Even without a UPF file, having a portable stimulus model saves time and effort.
There is little doubt that designing for low power is one of the biggest challenges for today’s system-on-chip (SoC) devices. The need to minimize power consumption is clear for the vast array of portable electronic devices that we use every day. Consumers expect most of their gadgets to last multiple days before they require recharging, and low-power design is the key to extending battery life. However, “green” laws and the desire to reduce power and air-conditioning costs mean that even “big iron” servers and network switches are being designed with low-power features.
One consequence of this trend is that verification of the low-power aspects of SoC designs has become complex and is consuming more of the project schedule. In last month’s post, we discussed one particular technique: using portable stimulus technology to automatically generate low-power tests based on the information contained in a standard Unified Power Format (UPF) file. In today’s post, we’ll explore some other aspects of low-power verification and discuss how portable stimulus can address them.
To start, UPF is by no means ubiquitous in SoC design and verification. Although UPF has been standardized as IEEE 1801-2015, it is based on several earlier power specification formats. Some of these are still in use today; verification engineers are too busy to re-write models that do the job unless they see a compelling advantage. There is also the issue of who writes the power specification file. It is hardware oriented, but control of low-power features in most chips is a combination of hardware and software. The software team is unlikely to develop or use a UPF file at all, and a hardware designer may not have the necessary system-level knowledge to develop a complete power specification.
Portable stimulus comes to the rescue. When a UPF file is available, a tool can build a portable stimulus model from which tests can be generated. If there is no UPF file, the design or verification engineers can write a model to define the power domains directly. Because the portable stimulus model is written at a high level of abstraction, it can capture the full system-level aspects of low power, including both hardware and software. Many key low-power features are under software control, so the portable test generation is software driven. These tests run on the SoC’s embedded processors and verify the design using many of the same real-world techniques as production software.
SoC designs may have hundreds of power domains and dozens of legal power states (allowed combinations of domains on and off). It can be quite complex to turn on and off power domains, exercising only legal power states, and coordinate power changes with other system activity. Shutting down subsystems in the right order to shut down the system, or waking them up again, can also be a challenging process. The combination of a powerful portable stimulus model and automatic generation of tests saves a great deal of time and effort in low-power verification.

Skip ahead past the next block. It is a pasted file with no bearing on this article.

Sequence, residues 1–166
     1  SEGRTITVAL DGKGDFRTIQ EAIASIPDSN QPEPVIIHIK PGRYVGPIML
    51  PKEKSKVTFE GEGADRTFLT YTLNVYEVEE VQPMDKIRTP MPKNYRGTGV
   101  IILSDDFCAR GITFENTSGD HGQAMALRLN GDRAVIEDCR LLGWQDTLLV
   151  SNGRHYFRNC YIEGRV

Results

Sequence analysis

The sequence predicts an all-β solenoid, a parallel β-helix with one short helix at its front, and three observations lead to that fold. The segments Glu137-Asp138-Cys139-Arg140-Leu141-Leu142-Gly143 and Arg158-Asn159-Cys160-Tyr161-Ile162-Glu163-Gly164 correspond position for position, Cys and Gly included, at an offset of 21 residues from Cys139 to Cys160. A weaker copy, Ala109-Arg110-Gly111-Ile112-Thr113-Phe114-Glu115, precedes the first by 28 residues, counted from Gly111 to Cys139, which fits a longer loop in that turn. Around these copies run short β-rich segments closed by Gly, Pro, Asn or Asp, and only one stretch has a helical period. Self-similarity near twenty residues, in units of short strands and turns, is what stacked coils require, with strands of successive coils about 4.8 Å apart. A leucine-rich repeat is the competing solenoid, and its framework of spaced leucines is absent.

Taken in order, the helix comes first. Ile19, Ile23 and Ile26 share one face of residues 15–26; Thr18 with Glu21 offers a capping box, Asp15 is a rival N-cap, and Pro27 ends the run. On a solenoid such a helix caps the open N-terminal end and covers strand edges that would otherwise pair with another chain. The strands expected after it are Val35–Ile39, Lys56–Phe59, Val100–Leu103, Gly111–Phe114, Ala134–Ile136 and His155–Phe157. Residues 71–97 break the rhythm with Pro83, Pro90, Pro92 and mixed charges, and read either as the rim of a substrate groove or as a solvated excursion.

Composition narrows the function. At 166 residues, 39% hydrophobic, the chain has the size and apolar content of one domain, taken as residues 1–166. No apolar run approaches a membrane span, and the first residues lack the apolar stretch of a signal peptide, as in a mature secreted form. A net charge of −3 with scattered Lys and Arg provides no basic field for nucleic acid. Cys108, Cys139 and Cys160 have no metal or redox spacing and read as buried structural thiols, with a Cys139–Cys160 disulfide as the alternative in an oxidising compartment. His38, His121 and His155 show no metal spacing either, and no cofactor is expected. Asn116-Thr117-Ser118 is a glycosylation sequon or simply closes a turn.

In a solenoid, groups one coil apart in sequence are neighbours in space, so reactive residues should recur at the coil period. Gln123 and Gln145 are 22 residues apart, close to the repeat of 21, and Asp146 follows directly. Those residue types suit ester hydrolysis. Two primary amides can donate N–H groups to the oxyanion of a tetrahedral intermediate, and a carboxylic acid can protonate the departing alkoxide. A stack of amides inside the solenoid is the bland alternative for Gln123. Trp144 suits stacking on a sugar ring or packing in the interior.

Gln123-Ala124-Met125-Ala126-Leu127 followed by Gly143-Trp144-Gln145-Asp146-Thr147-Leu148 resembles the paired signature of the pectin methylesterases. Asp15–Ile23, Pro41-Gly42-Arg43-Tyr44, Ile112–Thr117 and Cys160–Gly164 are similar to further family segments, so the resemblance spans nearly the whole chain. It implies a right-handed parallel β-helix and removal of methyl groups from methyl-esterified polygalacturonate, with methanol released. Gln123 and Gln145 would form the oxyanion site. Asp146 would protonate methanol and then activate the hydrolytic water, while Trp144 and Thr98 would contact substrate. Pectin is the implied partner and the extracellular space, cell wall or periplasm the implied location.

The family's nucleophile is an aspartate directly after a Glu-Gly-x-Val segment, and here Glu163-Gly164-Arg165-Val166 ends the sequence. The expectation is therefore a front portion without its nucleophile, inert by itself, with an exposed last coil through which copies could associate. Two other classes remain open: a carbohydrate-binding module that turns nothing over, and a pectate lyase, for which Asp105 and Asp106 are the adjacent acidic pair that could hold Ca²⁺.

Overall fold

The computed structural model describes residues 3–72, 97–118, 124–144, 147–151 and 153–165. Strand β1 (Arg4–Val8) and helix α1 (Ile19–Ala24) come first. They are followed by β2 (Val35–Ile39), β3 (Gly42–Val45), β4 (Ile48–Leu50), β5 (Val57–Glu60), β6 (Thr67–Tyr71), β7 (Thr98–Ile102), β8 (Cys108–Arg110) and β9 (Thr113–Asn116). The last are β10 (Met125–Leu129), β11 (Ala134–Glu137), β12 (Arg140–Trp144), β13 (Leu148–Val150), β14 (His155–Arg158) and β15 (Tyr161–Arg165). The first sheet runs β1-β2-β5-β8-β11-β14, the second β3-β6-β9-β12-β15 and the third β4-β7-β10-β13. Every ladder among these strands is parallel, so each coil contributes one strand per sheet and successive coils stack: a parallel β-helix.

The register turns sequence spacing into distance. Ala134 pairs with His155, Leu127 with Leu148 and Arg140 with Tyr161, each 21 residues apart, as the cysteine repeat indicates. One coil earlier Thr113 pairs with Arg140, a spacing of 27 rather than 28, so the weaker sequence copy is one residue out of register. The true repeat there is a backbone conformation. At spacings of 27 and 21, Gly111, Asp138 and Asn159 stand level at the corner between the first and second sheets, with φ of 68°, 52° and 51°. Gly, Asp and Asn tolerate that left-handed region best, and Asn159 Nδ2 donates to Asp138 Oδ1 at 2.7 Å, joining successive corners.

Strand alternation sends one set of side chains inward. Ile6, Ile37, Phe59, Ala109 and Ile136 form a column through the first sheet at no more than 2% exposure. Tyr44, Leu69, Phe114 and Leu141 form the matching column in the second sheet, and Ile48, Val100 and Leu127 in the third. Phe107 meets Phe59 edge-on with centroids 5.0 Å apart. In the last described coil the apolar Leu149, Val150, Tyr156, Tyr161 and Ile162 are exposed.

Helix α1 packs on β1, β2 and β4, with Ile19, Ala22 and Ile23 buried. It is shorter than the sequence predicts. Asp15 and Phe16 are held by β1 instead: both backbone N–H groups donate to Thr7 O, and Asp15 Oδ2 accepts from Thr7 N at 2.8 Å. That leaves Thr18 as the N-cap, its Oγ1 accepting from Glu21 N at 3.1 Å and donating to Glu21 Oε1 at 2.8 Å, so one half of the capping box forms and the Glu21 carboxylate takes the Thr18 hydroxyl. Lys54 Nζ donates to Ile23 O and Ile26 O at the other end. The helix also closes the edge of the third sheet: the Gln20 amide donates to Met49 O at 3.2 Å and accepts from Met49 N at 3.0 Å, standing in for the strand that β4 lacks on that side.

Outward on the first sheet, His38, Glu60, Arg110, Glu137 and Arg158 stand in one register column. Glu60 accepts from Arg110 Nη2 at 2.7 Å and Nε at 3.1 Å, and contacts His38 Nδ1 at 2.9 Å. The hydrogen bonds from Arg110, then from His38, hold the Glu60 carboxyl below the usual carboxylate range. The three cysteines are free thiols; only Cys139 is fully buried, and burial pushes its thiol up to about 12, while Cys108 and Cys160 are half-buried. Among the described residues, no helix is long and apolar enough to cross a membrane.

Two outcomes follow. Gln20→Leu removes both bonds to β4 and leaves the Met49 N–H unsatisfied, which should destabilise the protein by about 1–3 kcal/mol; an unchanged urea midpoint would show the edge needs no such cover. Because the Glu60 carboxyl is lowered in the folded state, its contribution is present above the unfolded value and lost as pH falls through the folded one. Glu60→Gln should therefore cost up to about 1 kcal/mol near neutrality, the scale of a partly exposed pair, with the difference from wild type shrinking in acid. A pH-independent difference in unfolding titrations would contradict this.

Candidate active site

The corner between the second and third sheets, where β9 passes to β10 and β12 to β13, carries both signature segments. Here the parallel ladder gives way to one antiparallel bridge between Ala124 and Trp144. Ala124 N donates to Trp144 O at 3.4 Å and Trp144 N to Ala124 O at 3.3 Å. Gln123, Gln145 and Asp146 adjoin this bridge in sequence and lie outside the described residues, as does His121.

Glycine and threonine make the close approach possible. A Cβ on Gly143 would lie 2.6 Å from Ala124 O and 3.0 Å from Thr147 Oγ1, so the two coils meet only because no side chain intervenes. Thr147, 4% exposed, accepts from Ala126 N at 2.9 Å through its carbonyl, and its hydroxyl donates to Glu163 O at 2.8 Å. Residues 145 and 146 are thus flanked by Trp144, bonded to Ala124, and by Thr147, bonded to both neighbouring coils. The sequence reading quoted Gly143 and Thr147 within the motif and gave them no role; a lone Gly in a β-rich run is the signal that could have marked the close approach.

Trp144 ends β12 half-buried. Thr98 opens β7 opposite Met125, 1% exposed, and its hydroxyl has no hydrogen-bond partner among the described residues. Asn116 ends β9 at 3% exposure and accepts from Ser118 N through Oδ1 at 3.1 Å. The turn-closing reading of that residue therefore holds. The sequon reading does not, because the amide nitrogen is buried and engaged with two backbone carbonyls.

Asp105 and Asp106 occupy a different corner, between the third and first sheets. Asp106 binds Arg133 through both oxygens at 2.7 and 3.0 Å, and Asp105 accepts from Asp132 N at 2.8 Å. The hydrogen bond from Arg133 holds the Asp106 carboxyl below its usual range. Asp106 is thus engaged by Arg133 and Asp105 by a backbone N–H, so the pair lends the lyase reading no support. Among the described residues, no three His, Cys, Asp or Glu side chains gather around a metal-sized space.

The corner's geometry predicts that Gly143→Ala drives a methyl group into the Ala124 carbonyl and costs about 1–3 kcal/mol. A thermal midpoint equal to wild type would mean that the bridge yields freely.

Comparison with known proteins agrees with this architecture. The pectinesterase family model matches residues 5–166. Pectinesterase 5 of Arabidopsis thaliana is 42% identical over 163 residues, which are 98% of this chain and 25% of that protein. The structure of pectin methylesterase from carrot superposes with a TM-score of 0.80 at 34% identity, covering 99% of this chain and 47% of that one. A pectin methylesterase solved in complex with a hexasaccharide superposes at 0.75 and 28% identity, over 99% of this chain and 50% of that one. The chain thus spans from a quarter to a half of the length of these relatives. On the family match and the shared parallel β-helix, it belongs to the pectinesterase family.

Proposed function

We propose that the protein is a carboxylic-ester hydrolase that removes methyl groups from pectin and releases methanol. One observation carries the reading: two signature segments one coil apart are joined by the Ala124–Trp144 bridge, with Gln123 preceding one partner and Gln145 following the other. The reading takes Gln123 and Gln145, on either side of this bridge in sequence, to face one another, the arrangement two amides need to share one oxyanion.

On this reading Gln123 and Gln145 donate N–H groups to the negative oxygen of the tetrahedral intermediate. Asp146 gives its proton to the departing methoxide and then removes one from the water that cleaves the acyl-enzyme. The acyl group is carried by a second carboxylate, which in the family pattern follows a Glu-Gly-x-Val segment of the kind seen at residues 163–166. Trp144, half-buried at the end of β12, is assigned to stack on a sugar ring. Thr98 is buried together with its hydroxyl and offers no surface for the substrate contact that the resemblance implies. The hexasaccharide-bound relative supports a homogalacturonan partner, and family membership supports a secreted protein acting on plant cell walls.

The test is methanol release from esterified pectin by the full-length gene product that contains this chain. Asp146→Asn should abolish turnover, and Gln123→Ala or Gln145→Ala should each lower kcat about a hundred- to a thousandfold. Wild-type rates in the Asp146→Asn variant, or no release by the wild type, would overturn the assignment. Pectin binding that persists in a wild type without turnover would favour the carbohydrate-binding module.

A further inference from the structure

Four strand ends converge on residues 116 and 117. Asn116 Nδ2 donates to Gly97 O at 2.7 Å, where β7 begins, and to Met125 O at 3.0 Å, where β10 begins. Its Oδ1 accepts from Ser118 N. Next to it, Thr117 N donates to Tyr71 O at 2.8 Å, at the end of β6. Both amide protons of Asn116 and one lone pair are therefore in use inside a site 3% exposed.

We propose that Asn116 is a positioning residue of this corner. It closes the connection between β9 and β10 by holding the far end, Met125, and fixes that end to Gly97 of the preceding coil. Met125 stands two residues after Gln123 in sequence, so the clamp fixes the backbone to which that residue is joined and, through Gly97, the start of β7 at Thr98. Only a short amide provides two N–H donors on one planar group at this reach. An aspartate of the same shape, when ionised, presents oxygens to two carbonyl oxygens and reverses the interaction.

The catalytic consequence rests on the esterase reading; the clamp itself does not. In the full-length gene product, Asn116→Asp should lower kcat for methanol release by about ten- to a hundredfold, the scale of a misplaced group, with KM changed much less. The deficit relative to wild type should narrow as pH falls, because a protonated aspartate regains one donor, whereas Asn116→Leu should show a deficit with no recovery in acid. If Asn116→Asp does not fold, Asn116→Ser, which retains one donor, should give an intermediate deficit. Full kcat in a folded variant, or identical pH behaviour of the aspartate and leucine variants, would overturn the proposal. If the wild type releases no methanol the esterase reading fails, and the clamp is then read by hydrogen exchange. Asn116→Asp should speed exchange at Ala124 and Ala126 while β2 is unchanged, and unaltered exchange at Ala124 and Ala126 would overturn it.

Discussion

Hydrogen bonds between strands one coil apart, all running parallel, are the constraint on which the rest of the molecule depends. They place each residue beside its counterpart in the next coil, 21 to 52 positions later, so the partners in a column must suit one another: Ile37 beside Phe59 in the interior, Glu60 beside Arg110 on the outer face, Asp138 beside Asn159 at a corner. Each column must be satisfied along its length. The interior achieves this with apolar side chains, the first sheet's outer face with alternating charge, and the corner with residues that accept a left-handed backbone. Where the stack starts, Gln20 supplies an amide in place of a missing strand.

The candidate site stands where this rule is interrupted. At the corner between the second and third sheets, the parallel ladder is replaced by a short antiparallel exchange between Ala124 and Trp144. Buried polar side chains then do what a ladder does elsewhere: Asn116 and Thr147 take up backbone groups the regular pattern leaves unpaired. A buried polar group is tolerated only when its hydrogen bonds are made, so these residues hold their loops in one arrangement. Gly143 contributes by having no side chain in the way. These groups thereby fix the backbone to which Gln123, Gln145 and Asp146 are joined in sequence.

Another virtue of portable stimulus is, of course, portability. From the same abstract model, tests can be generated for every verification platform and engine, tuned for the best performance. Targets include virtual platforms, simulation, in-circuit emulation (ICE), FPGA-based prototyping, and even silicon in the bring-up lab. Power-aware simulation, emulation, and prototypes model the low-power features so that they respond accurately to the software-driven tests. Only at the full-SoC level with realistic system test cases can the full range of low-power functionality be exercised and verified.
Portable stimulus is also valuable for estimating power consumption of designs. Although leakage current in advanced technologies is a much bigger factor in total power than in older geometries, the amount of switching activity across the design remains a key factor in calculations. Historically, the relatively short and simple tests run in simulation have not been representative enough of real-world software to yield accurate results. SoC teams have had to wait until they had an operating system and a real application or two running on ICE or prototypes.
A portable stimulus tool such as such as the Cadence Perspec System Verifier can automatically generate extremely complex multiprocessor tests of arbitrary length. These will stress-test SoC designs very well with software-driven use cases representative of how the devices will be run in the real world. Thus, the amount of switching activity is high and yields power consumption estimates much closer to the final numbers than traditional simulation tests. Further, since the generated tests run on “bare metal” without the huge overhead and boot time of an operating system, it may be feasible to measure power consumption in simulation as well as in the hardware platforms.
In summary, verification of low-power SoC designs is a challenging task that benefits from as much automation as possible. With or without a UPF specification file, portable stimulus provides an unrivaled solution with multiple dimensions of value to design and verification teams.